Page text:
Belize fails to make scheduled debt payment

This week, the government of Belize confirmed that it could not find US$23 million to pay creditors. This sum is part of a scheduled coupon payment of a US$544 million bond deal, due in 2029, which was negotiated prior to the financial crisis, based on substantially higher pre-crisis interest rates. Under the 2007 deal, the yield increased from 6% to 8.5% in February 2012, and Belize informed that it cannot afford to pay it.

The government of Belize is now at the early stage of negotiations with creditors, with the purpose to restructure the debt under more favourable terms. Parties must do it within a 30-day period, starting August 20, otherwise Belize will default on the bond.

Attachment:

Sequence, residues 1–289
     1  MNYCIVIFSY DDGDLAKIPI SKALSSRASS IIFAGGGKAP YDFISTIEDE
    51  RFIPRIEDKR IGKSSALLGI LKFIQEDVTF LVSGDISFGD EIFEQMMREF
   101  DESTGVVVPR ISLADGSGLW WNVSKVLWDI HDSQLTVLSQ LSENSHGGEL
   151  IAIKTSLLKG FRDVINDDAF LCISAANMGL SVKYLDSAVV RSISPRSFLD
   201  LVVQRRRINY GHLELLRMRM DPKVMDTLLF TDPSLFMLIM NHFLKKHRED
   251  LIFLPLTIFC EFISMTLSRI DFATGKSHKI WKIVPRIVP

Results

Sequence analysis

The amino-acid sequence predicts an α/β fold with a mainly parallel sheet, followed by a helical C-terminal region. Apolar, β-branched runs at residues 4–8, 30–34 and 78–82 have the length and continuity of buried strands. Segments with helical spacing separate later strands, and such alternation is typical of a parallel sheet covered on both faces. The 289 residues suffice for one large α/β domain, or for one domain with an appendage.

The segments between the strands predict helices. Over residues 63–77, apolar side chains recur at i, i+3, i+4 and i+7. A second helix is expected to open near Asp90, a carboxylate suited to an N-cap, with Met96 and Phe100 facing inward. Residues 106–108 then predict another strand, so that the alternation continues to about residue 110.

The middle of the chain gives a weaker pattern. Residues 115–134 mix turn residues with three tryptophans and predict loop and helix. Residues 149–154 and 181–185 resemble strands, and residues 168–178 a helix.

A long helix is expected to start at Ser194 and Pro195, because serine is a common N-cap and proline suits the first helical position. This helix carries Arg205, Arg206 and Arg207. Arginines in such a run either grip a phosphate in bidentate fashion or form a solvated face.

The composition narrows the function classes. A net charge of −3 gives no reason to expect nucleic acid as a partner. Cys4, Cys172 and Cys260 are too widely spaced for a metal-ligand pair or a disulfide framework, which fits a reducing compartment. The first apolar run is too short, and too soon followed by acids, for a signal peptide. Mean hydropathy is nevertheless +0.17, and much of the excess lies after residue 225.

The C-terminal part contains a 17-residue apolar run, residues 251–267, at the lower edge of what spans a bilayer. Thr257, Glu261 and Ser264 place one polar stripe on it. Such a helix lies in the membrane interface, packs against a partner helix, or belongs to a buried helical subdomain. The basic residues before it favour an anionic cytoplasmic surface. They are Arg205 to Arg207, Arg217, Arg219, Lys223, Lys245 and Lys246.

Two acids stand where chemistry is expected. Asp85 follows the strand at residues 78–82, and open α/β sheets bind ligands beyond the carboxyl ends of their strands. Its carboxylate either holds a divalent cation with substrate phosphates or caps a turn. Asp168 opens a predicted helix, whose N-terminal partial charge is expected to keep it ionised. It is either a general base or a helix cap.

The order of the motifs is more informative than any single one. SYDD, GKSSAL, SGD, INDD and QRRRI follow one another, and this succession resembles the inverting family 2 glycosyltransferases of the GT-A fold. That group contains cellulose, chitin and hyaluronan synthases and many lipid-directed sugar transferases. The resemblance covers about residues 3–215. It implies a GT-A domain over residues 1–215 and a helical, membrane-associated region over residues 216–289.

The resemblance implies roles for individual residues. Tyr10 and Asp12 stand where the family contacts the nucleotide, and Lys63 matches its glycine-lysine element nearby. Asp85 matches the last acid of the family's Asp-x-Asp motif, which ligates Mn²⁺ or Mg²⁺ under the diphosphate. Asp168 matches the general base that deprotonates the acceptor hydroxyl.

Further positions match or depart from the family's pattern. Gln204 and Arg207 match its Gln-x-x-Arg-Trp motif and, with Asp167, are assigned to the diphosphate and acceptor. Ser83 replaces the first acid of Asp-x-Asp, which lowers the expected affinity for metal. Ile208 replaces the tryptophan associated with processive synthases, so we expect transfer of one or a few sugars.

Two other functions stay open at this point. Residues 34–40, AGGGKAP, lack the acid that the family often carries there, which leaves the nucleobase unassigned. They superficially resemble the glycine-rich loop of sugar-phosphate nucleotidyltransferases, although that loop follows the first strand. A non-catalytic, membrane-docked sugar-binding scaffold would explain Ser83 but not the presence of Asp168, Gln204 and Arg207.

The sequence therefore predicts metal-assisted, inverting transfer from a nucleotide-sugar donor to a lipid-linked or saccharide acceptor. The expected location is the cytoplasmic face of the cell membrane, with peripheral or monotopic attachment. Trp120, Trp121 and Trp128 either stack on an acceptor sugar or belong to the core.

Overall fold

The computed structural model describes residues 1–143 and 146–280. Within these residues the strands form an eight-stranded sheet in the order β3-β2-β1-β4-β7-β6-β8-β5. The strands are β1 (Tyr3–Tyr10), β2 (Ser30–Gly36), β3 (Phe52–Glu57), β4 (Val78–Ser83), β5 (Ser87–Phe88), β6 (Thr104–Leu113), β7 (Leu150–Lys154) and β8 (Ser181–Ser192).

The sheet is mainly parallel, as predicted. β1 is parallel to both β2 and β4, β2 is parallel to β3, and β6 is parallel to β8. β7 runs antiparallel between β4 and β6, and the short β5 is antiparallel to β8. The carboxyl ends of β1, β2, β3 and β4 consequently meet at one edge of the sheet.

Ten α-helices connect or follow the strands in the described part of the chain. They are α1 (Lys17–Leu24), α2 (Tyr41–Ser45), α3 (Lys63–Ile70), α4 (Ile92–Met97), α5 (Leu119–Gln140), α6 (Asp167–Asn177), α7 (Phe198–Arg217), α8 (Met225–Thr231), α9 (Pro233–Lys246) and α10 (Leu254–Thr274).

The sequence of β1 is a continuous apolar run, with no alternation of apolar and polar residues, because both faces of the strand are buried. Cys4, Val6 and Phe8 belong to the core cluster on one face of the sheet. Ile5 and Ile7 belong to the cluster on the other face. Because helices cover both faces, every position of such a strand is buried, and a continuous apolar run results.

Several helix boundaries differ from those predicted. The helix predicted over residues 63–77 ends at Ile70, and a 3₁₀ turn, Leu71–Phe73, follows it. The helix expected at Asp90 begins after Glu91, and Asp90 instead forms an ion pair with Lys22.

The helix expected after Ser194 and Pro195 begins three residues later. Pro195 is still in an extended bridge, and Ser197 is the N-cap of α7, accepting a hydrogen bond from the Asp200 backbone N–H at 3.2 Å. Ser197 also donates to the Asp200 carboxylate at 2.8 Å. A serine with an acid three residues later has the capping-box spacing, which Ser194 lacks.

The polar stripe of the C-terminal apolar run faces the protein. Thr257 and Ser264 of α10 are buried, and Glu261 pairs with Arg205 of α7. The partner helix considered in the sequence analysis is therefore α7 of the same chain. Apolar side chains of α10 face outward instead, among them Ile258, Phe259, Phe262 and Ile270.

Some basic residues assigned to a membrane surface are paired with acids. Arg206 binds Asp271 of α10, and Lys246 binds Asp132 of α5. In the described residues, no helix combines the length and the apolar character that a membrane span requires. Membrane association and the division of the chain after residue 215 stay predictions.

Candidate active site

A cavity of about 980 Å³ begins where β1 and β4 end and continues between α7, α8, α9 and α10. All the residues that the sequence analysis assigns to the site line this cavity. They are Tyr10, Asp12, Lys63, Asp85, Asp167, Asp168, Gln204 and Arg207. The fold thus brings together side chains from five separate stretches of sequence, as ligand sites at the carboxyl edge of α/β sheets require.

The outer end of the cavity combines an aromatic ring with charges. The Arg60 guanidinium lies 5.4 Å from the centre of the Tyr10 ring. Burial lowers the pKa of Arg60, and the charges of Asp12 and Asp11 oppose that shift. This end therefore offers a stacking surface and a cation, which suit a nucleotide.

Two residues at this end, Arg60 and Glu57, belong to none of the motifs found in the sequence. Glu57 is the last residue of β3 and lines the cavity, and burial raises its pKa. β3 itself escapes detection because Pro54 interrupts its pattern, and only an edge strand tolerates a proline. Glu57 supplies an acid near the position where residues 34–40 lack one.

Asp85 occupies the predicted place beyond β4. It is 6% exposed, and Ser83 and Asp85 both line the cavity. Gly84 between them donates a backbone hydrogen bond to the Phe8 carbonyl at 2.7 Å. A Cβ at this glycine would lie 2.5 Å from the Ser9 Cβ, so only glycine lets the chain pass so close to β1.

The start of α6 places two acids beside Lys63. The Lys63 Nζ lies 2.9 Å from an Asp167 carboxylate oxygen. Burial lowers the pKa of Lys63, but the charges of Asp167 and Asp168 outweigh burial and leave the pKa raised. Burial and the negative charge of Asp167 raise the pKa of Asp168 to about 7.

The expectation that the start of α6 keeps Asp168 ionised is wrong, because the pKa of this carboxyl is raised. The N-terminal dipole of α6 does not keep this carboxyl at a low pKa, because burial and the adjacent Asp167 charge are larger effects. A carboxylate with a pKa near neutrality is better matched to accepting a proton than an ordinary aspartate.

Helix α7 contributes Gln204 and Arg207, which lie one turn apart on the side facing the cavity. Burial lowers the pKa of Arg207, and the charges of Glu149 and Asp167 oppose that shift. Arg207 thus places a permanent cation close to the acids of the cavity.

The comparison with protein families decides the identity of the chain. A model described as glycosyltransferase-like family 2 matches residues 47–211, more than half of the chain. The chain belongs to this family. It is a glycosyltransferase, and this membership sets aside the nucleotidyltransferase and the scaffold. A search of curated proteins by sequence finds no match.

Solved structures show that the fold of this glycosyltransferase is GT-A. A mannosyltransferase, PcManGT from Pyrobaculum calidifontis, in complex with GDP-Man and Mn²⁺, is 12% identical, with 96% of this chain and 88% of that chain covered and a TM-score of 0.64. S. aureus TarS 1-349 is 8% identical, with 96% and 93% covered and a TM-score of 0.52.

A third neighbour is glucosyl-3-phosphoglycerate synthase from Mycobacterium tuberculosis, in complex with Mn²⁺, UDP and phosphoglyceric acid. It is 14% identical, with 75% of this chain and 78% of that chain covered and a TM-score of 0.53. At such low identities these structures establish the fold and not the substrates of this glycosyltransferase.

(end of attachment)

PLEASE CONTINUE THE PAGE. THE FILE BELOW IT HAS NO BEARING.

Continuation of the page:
Following the Belize government’s failure to pay the semiannual interest coupon, Standard & Poor’s agency lowered its long-term and short-term foreign currency sovereign credit ratings to ‘CC’ from ‘CCC’, as well as rating on Belize’s bond to ‘D’. In its turn, Moody’s Investors Service changed the outlook on Belize’s ratings from developing to negative.

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